Going meta: Digital cities, attacks on female creators and more
Seoul looks to join the metaverse starting in 2023, Meta challenges a woman’s right to control the Instagram handle “metaverse” and Francis Haugen issues a warning about the potential risks of the virtual world.
The downtown Santa Monica District, west of Los Angeles, was one of the first real-world areas to allow users to have access to the metaverse through the FlickPlay app. Branded as a metaverse tool, walking around the district seems to be more of a limited augmented reality experience rather than a virtual one,
services related to the economy, culture, education and civil complaints. In addition, the Korean capital planned to create virtual versions of its major tourist attractions and hold festivals in the Metaverse.
Does Meta have a ‘women problem’?
Following the launch of Horizon Worlds, the virtual reality game and online community platform released by Meta — formerly Facebook — at least one user reported that the virtual environment allowed sexual harassment. In a Thursday report from MIT Technology Review, one of Horizon’s beta testers said a stranger had groped her avatar. Though there is a feature capable of encasing an avatar in a protective bubble to seemingly stop such an attack, the user was either unable to activate it in time or was otherwise unaware of it.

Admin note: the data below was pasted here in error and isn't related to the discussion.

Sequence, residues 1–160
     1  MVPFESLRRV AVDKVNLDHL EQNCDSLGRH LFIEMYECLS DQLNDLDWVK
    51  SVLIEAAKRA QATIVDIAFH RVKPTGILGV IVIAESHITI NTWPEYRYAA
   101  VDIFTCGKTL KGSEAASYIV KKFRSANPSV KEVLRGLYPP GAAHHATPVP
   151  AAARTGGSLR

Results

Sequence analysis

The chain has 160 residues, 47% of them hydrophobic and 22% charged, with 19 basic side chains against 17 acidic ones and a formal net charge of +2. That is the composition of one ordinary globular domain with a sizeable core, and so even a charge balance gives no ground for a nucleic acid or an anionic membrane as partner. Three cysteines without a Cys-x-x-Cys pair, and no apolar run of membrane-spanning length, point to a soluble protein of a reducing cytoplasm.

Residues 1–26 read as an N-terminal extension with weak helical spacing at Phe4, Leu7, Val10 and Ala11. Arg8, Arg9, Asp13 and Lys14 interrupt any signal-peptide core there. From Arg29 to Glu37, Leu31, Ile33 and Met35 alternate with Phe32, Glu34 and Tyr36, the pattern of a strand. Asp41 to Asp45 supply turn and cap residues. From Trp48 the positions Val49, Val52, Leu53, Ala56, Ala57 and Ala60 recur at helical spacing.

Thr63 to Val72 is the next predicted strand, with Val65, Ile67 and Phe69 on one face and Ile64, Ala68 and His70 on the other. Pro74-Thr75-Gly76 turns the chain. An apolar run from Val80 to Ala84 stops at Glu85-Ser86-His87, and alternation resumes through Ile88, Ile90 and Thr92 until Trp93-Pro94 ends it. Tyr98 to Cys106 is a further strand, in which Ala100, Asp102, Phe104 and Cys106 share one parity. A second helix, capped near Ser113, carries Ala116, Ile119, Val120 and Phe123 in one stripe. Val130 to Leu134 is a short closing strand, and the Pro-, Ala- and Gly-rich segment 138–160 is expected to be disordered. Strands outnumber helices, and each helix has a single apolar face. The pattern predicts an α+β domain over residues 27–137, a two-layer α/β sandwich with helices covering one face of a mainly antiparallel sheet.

“At the end of the day, the nature of virtual-reality spaces is such that it is designed to trick the user into thinking they are physically in a certain space, that their every bodily action is occurring in a 3D environment,” said Katherine Cross, an online harassment researcher at the University of Washington. “It’s part of the reason why emotional reactions can be stronger in that space, and why VR triggers the same internal nervous system and psychological responses.”